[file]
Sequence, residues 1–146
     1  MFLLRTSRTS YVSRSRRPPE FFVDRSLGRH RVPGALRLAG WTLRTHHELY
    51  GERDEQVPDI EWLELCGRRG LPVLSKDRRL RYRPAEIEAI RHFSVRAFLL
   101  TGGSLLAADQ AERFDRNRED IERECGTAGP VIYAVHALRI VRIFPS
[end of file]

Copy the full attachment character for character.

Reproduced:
Sequence, residues 1–146
     1  MFLLRTSRTS YVSRSRRPPE FFVDRSLGRH RVPGALRLAG WTLRTHHELY
    51  GERDEQVPDI EWLELCGRRG LPVLSKDRRL RYRPAEIEAI RHFSVRAFLL
   101  TGGSLLAADQ AERFDRNRED IERECGTAGP VIYAVHALRI VRIFPS